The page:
Plot/Idea: Otto E. Stallworth, Jr. writes evocatively about living in the American South before the Civil Rights Movement. He offers a first-hand perspective on segregation and racial violence, as well as on prejudicial attitudes encountered throughout his life and career. He writes jovially and vividly about American history as well as his own far-ranging experiences, with a comfortable manner of storytelling that warmly welcomes readers into his world.
Prose: The prose flows easily and authentically. Stallworth's writing shines, whether he's discussing the depths of addiction or conveying a sweet love story; managing a music group, or succeeding in the medical profession.
Originality: Stallworth's life is uniquely his, and the manner in which he weaves together very different and captivating stories, is a pleasure to read. Readers with an interest in the Civil Rights Movement and the tumultuous history of the American South will find much to appreciate in Stallworth's seasoned and layered storytelling.
Character/Execution: Each character Stallworth encounters, no matter how briefly featured, immediately comes to life. The book itself is organized in a manner that is loosely chronological and enjoyable to read. Readers won't soon forget Stallworth's impactful narrative.
Date Submitted: December 28, 2022
Stallworth’s memoir abounds in rich, often surprising scenes, some as complex as that one. His lifetime of thinking through these incidents informs every page, starting with his vivid recounting of a 1950s Alabama childhood of ice-cream, marbles, Conkoleen, and questions about the segregated world around him: at a department store, spying an empty lunch counter, he “couldn’t help but wonder how White Only food tasted, and why was it White Only?” Arresting portraits of friends, family, teachers, and others bring the era to life, as young Stallworth and his father deliver Jet and Ebony magazine around the city known as the most segregated in America.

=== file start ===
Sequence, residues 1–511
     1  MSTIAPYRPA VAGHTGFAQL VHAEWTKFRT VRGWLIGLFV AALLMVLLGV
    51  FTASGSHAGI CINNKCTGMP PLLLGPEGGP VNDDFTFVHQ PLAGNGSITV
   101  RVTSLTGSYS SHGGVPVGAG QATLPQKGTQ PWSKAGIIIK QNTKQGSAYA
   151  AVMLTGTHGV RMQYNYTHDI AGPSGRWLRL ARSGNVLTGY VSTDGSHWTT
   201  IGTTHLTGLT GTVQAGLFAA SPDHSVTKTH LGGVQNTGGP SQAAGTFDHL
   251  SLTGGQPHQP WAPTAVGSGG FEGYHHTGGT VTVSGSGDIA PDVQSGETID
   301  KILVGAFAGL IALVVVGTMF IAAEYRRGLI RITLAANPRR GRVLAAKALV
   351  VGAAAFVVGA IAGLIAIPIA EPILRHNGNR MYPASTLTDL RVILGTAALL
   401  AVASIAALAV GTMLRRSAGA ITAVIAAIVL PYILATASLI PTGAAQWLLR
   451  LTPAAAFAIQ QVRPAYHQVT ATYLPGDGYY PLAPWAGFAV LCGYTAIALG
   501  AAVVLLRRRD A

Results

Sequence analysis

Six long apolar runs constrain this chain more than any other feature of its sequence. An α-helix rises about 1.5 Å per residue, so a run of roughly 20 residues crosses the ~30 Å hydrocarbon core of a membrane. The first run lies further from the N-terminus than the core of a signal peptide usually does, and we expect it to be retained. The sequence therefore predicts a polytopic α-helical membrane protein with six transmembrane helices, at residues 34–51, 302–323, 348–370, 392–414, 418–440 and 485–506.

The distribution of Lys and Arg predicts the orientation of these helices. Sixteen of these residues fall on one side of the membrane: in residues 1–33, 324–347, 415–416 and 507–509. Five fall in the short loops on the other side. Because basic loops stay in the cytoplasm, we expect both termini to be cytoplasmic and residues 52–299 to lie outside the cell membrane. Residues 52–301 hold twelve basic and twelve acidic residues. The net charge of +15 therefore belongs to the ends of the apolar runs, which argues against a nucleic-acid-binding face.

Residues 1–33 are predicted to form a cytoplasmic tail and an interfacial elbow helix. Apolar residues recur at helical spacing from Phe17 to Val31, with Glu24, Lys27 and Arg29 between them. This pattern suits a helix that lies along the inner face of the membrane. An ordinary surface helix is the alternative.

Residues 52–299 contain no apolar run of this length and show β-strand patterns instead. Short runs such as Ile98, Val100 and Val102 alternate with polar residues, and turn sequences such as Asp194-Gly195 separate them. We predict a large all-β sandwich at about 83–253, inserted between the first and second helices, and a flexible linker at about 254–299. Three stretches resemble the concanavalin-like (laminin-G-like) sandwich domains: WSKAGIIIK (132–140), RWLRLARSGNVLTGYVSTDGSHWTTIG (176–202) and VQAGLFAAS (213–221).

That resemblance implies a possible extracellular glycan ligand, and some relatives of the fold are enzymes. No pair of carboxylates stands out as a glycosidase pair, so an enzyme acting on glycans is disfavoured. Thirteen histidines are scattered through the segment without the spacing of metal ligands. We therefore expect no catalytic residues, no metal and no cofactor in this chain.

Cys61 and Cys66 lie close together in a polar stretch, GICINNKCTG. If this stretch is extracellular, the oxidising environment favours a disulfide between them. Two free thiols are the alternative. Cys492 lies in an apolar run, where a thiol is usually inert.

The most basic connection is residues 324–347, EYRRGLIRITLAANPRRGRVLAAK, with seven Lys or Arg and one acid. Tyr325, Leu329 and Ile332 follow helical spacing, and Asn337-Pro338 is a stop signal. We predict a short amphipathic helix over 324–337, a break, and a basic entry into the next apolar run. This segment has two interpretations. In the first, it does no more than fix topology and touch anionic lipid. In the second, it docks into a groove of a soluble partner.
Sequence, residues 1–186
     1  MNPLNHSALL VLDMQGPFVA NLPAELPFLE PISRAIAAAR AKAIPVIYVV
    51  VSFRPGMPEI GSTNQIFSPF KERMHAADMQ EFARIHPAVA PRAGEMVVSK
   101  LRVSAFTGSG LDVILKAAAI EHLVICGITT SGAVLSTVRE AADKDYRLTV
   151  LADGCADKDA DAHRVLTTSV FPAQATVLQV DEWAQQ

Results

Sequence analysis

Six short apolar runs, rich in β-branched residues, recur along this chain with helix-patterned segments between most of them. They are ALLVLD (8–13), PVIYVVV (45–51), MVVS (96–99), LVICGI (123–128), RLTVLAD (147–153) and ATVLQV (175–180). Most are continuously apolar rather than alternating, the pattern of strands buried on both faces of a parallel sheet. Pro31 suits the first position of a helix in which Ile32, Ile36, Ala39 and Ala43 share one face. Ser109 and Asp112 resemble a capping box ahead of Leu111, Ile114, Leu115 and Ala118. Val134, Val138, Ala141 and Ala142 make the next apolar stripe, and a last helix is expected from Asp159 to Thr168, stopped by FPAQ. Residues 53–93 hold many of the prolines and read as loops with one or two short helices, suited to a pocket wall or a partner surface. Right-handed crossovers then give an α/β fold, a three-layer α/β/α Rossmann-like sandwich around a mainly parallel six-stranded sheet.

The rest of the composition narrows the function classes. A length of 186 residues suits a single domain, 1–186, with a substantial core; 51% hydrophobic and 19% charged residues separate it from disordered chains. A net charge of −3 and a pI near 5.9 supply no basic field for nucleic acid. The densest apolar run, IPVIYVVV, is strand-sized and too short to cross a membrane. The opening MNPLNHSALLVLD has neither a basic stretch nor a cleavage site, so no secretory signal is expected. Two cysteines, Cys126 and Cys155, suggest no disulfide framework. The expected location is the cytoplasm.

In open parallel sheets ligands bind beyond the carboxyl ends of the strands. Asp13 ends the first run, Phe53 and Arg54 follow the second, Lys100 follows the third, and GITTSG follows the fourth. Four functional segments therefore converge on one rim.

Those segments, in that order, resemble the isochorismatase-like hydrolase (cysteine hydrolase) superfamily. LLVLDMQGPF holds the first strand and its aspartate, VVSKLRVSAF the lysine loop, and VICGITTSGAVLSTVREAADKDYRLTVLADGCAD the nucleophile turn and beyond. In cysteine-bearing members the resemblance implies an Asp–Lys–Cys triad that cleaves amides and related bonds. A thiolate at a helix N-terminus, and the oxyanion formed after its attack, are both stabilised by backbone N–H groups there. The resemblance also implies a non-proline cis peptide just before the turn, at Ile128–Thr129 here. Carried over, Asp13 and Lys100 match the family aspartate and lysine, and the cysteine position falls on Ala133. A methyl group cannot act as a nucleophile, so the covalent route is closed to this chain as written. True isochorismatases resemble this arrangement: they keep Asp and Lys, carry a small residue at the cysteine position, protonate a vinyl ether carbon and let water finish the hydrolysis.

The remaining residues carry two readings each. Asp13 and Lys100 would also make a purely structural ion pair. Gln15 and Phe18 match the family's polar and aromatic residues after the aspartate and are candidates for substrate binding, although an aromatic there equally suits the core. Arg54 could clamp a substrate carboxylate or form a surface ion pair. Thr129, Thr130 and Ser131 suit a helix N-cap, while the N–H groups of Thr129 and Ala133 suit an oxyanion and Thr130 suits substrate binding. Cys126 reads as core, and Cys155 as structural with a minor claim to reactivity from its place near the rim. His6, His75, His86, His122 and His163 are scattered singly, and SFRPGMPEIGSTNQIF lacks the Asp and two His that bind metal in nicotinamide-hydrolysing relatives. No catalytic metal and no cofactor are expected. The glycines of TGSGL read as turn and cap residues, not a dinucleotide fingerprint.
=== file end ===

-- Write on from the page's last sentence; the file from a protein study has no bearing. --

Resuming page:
Also arresting are Stallworth’s accounts of horseplay at Howard University, of seeing a host of notable entertainers (countless luminaries at the Howard Theatre; a young Richard Pryor; a Gene Krupa show at New York’s Cafe Metropole attended by Cassius Clay), of his personal connection to those lost in the 1963 bombing of Birmingham’s 16th Street Baptist Church, of the time he got lost as a Chicago bus driver with furious passengers. The storytelling is conversational, illuminating, and often funny, as this fiercely independent thinker offers a vital contribution to the historical record.
Takeaway: The arresting memoir of a Black doctor’s journey and 1950s Alabama upbringing.
Great for fans of: Charles M. Blow’s Fire Shut Up in My Bones, Damon Tweedy’s Black Man in a White Coat.
Design and typography: A
Marketing copy: B+